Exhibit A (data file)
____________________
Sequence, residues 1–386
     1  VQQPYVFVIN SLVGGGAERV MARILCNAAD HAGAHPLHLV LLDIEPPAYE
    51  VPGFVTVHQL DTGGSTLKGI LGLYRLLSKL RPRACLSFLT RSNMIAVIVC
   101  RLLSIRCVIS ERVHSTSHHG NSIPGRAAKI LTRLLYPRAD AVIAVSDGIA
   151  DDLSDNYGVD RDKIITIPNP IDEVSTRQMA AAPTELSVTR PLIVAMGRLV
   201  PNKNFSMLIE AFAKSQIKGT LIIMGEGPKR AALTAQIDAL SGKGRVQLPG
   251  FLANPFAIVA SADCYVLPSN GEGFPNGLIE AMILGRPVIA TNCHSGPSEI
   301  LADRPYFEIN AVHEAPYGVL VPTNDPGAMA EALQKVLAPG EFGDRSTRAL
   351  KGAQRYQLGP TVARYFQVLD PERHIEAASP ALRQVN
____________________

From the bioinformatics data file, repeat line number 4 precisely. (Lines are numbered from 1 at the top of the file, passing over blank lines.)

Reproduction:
   101  RLLSIRCVIS ERVHSTSHHG NSIPGRAAKI LTRLLYPRAD AVIAVSDGIA